Though now all evidence of commerce has long vanished from Oxborough Hythe, there was a wharf that served the Oxborough estate and village. There were granaries for corn, and coal yards; and lighters and boats passed from hence to Lynn, Cambridge and other towns on the Wissy navigation.
The site of the Hythe buildings appears to have been at the edge of the higher ground about a quarter of a mile from the river. You may still walk past the Hythe and down to the river’s edge where a ferry used to operate, providing a route to the main Kings Lynn to Thetford road less than a mile away. The ferry, a flat-bottomed raft operated by chains across the river, was large enough to carry a horse and cart. It ceased to function about eighty years ago.

The new bridge linking Oxborough and Gooderstone

This is the completion of the bridge near what is now the sewage plant. It was completed in 1915 and replaced a ford and pedestrian footbridge which is still in place when the picture was taken.
This picture was contributed by Bob Greef.


Photos and captions were kindly sent in by Bob Greef, NT Volunteer Garden Steward at Oxburgh Hall and former Oxborough resident. These photos of Oxborough were rescued by Bob Greefs’ father Fred, when the Hall was sold in 1951.

The arch is Church Lodge, (now occupied by National Trusts head gardener) when it was the main entrance to the Hall. The arch was bricked up between 1883 and 1904. The photo print was made from a glass plate negative by Paul Miles, NT head gardener during the 1970s. The picture on the right shows the arch freshly bricked up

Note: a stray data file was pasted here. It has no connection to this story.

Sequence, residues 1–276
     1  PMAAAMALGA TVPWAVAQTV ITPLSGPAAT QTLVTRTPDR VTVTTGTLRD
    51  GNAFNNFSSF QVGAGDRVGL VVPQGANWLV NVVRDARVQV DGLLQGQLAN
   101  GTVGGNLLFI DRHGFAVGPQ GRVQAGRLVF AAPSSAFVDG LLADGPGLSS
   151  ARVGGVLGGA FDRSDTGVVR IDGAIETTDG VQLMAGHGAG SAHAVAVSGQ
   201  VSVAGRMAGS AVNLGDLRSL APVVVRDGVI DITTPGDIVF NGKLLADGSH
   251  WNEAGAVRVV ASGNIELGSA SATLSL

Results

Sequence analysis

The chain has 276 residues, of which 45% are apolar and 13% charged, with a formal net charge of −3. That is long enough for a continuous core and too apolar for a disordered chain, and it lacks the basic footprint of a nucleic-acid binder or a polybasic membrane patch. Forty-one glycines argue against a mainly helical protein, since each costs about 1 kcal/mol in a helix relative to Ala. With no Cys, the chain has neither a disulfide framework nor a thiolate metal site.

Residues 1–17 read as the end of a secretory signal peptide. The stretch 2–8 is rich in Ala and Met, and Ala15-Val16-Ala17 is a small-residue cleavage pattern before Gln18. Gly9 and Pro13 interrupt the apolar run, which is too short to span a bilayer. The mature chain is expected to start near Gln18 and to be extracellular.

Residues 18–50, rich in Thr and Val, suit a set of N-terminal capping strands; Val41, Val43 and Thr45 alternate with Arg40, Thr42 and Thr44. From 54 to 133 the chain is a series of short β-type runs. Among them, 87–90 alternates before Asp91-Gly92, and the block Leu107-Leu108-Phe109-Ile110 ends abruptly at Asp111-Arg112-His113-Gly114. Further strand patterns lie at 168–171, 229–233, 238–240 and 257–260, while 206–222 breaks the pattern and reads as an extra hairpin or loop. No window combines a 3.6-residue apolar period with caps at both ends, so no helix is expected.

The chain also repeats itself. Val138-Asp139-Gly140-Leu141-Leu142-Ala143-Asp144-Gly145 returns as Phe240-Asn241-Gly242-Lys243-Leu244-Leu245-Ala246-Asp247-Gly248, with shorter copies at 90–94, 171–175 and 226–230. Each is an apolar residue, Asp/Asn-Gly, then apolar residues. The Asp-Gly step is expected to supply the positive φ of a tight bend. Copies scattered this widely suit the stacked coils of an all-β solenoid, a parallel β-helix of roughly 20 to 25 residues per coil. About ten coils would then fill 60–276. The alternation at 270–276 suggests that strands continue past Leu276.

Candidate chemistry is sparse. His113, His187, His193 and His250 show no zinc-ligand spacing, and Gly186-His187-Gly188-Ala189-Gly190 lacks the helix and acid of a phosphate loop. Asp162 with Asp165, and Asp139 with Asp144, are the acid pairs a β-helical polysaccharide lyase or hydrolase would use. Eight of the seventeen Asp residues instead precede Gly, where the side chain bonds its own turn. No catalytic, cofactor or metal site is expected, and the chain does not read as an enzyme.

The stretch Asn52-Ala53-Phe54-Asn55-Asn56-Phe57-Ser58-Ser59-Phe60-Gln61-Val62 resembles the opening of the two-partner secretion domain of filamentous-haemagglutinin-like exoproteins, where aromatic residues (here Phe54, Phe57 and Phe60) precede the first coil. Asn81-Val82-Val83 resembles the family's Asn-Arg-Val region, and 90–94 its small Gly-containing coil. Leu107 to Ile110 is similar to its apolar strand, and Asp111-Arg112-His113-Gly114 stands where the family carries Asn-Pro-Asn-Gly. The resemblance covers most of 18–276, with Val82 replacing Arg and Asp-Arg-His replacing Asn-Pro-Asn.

Ann Galloway outside Chapel Lodge prior to 1910.
This picture was sent to Bob by Barry Henfrey,
NT under gardener in the 1970s,
Barry is now living in Germany


The picture with the horse, tumbril and church with spire still intact
is believed to show my father, Fred Greef some time in the 1920s
 St John  Tower


April 1948

Photograph by Ruth Dwornik showing the remains
of the nave after the steeple collapsed.




This is a photo of the kitchen garden at Oxburgh Hall taken in about 1950.

The arrow indicates a rainwater tank on the eastern end of the remains of the Peach House. This tank is in fact one of the old acteylene gas generators used to provide lighting before electricity was installed on the estate.

The western half of the Peach House had already been demolished by then and replaced by a cold frame. Between the Peach House and the Stables can be seen the remains of the Hotbed Frame.


Caption reads

Engraved by S. Rawle, from a drawing by F. Mackenzie,
for the Architectural Antiquities of Great Britain.

Oxburgh Hall, Norfolk

The seat of Sir RICHARD BEDINGFELD, to whom, &
to Lady Charlotte Bedingfeld,
this plate is respectfully inscribed by J. Britton

London published July 1. 1809 by Longman & co,
Paternoster Row,
and J Taylor, High Holborn


                     Top Left: Oxborough 1946                                                                                                        Top Right: Oxborough 1988


                         Oxborough area 1869

                             Oxborough area 1891


                                                    By the time you can make ends meet, they move the ends.